Racetracks have individual features that make their foreign object debris different than that typically found at airports, making a different FOD solution necessary. Aerosweep has developed a version of its FOD BOSS device specifically for racetracks, automobile testing and proving grounds, and related facilities. The FOD BOSS TRACK SWEEP closely resembles the FOD BOSS but has a modified design to improve its ability to pick up gravel, rubber, and car parts.

The FOD BOSS TRACK SWEEP resembles a mat towed behind a pickup truck or other motorized vehicle. The underside of the mat has brushes and scoops that help pick up debris from surfaces the mat travels over.

odometer

The FOD BOSS TRACK SWEEP comes in single, duplex, and triple versions. The triplex version will cover a seven-meter width of track. The duplex model covers 4.8 meters in width. The single model covers 2.4 meters in depth. The device can be pulled behind a vehicle at up to 40 mph.

Connected to a pickup truck or other vehicle, the FOD BOSS TRACK SWEEP can clear a track of debris in a manner of minutes, allowing racers to safely resume their activities. The device has an excellent track record of success, picking up 90 percent or more of debris. FOD BOSS TRACK SWEEPs are also highly durable, and a single product will endure many uses.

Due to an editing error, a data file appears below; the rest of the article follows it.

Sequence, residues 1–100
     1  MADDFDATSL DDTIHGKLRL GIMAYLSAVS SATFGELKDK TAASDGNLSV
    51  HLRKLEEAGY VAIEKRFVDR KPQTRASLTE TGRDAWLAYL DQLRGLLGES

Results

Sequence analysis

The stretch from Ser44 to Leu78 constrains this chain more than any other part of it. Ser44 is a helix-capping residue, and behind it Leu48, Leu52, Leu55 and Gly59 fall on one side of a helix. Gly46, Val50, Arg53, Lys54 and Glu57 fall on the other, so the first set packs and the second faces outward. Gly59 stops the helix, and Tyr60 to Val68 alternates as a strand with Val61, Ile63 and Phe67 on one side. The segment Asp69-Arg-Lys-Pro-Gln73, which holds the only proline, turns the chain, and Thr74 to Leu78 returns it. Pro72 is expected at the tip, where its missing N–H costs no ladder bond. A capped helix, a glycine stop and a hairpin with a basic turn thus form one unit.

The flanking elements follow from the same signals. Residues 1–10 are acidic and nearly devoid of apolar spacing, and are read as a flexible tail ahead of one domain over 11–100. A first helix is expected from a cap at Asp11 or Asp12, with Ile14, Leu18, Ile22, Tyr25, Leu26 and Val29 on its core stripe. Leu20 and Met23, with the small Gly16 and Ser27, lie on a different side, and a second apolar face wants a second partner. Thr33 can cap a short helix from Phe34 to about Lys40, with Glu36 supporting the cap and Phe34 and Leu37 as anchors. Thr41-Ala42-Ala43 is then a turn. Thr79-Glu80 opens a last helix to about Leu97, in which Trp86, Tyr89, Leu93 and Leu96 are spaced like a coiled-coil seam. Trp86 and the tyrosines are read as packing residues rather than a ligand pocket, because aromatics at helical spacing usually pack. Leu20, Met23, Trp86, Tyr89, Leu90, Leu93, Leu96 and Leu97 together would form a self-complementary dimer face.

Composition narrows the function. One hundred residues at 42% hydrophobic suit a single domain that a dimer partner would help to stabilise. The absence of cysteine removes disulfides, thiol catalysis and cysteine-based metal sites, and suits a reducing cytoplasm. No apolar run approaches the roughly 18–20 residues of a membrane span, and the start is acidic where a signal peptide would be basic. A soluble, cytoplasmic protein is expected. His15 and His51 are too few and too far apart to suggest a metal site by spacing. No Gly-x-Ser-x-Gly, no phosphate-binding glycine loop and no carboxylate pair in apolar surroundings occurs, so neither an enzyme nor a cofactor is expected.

Aerosweep developed the FOD BOSS in the 1990s and has spent the decades since perfecting this versatile product. Track facilities managers concerned about FOD should explore what FOD BOSS TRACK SWEEP can do for their facility.

Sources

  1. https://www.usatoday.com/story/sports/motor/indycar/2013/05/13/indianapolis-500-cost-izod-indycar/2156011/
  2. http://newatlas.com/adventures-f1-corners/29185/
  3. https://racingnews.co/2015/11/30/invisible-nascar-debris-cautions/
  4. https://www.forbes.com/sites/csylt/2017/03/13/the-1-billion-cost-of-hosting-an-f1-race/2/#441287252d99